CityPress - - News - XOLANI MBAN­JWA xolani.mban­jwa@city­press.co.za

Ahigh court rul­ing that Pub­lic Pro­tec­tor Thuli Madon­sela’s find­ings are not bind­ing has vin­di­cated ANC MPs in Par­lia­ment’s com­mit­tee deal­ing with the con­tro­ver­sial R246 mil­lion up­grades to Pres­i­dent Ja­cob Zuma’s pri­vate Nkandla res­i­dence, says com­mit­tee chair­per­son Cedric Frolick.

Op­po­si­tion par­ties have walked out of the mul­ti­party com­mit­tee and ac­cused the ANC of de­fend­ing Zuma at the cost of the Con­sti­tu­tion.

“The judg­ment bol­sters the majority view as far as the Pub­lic Pro­tec­tor’s re­me­dial ac­tions are con­cerned,” said Frolick.

“Par­lia­ment is not bound by the Pub­lic Pro­tec­tor’s find­ings. The Pub­lic Pro­tec­tor is not a judge and can­not make or­ders to the state that must be ex­e­cuted. We will sim­ply con­tinue with our work and make rec­om­men­da­tions to the House. We will not deal with the pow­ers of the Pub­lic Pro­tec­tor, but the judg­ment will as­sist us in fi­nal­is­ing the work be­cause at least there’s a ju­di­cial rul­ing on her re­me­dial ac­tion,” said Frolick.

On Fri­day, Western Cape High Court judge Ash­ton Schip­pers handed down judg­ment on the DA’s ap­pli­ca­tion to force the SABC to in­sti­tute dis­ci­plinary pro­ceed­ings against Hlaudi Mot­soe­neng.

This mea­sure was or­dered by Madon­sela after she in­ves­ti­gated Mot­soe­neng and found he had lied about his qual­i­fi­ca­tions and should face dis­ci­plinary ac­tion for, among oth­ers, ar­bi­trar­ily sack­ing staff.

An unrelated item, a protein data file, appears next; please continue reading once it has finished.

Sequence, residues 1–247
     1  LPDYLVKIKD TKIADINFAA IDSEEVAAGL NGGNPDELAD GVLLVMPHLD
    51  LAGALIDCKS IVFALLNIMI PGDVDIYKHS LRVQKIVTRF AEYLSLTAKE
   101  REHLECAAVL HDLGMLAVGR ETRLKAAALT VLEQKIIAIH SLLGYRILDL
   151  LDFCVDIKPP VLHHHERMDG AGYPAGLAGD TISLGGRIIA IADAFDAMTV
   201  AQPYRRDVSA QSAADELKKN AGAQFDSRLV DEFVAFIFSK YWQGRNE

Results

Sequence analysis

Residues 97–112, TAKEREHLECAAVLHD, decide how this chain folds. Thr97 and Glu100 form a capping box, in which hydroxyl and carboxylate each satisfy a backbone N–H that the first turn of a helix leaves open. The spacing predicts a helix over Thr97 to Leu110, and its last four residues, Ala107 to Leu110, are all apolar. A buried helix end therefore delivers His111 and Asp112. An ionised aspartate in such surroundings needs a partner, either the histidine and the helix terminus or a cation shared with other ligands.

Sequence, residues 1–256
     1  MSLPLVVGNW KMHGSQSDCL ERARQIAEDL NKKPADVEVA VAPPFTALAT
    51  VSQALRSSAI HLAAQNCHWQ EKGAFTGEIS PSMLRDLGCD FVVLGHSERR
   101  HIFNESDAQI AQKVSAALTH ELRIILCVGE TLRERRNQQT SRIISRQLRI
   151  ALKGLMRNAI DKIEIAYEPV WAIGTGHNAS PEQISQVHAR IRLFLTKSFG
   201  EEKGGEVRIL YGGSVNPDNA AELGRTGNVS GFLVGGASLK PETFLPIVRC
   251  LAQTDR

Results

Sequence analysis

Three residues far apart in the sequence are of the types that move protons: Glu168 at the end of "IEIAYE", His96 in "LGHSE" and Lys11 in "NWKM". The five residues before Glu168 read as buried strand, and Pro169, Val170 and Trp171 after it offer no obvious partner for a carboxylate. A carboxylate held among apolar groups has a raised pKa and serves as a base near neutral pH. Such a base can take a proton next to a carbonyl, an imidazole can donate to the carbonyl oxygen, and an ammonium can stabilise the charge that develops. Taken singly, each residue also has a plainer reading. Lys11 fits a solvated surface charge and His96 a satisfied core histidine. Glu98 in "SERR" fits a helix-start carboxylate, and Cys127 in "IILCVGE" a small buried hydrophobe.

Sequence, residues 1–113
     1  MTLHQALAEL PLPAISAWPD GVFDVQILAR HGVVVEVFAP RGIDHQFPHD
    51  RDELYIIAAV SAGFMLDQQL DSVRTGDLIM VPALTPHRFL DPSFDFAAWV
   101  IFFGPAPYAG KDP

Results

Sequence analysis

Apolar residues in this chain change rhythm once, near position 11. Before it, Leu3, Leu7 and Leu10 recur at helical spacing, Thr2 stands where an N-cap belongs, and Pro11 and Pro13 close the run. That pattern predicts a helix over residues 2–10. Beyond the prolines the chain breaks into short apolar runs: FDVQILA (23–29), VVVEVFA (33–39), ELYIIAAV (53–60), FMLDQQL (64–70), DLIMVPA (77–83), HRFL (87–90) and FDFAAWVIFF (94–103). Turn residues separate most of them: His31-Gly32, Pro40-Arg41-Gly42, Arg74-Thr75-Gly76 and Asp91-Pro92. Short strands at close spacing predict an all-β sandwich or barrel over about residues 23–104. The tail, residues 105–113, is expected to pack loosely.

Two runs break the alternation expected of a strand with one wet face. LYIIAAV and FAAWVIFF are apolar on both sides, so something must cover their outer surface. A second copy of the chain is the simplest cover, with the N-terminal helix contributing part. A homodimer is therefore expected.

In­stead of in­sti­tut­ing dis­ci­plinary pro­ceed­ings, Com­mu­ni­ca­tions Min­is­ter Faith Muthambi ap­pointed Mot­soe­neng per­ma­nently as chief op­er­at­ing of­fi­cer (COO). This prompted the DA to take the mat­ter to court.

Schip­pers or­dered the SABC to charge Mot­soe­neng within 14 days and to sus­pend him pend­ing the out­come of his dis­ci­plinary hear­ing.

But Mot­soe­neng and Madon­sela have vowed to ap­ply for leave to ap­peal against the judg­ment.

Madon­sela’s spokesper­son, Oupa Se­galwe, said Schip­pers’ rul­ing would have se­ri­ous im­pli­ca­tions for the pow­ers of other chap­ter 9 in­sti­tu­tions – and for thou­sands of or­di­nary South Africans who lodge com­plaints against state wrong­do­ing.

Other chap­ter 9 in­sti­tu­tions in­clude the of­fice of the Au­di­tor-Gen­eral, the In­de­pen­dent Elec­toral Com­mis­sion, the SA Hu­man Rights Com­mis­sion and the Com­mis­sion for Gen­der Equal­ity.

Mot­soe­neng said he was pre­par­ing to chal­lenge the rul­ing all the way to the Con­sti­tu­tional Court be­cause he be­lieved Schip­pers could not force the SABC to act against him when the pub­lic broad­caster had al­ready “cleared” him of any wrong­do­ing.

“Re­mem­ber the SABC has also cleared me. That mat­ter is very in­ter­est­ing be­cause if you clear a per­son, how do you come back and charge that per­son? But also, if the judge agreed that the Pub­lic Pro­tec­tor’s rec­om­men­da­tions were not bind­ing, how do you force the SABC to also take ac­tion be­cause you’re say­ing the rec­om­men­da­tions are not bind­ing?” asked Mot­soe­neng.

His lawyer, Zola Majavu, said his client was pre­pared to pe­ti­tion the Supreme Court of Ap­peal if his ap­pli­ca­tion for leave to ap­peal was turned down.

“He [Mot­soe­neng] can only be sus­pended when he re­ceives his charge sheet from the SABC.

“Schip­pers gave the SABC 14 days in which to serve him with a charge sheet and un­til he re­ceives the charge sheet he is still the COO,” said Majavu.

Hlaudi Mot­soe­neng

Newspapers in English

Newspapers from South Africa

© PressReader. All rights reserved.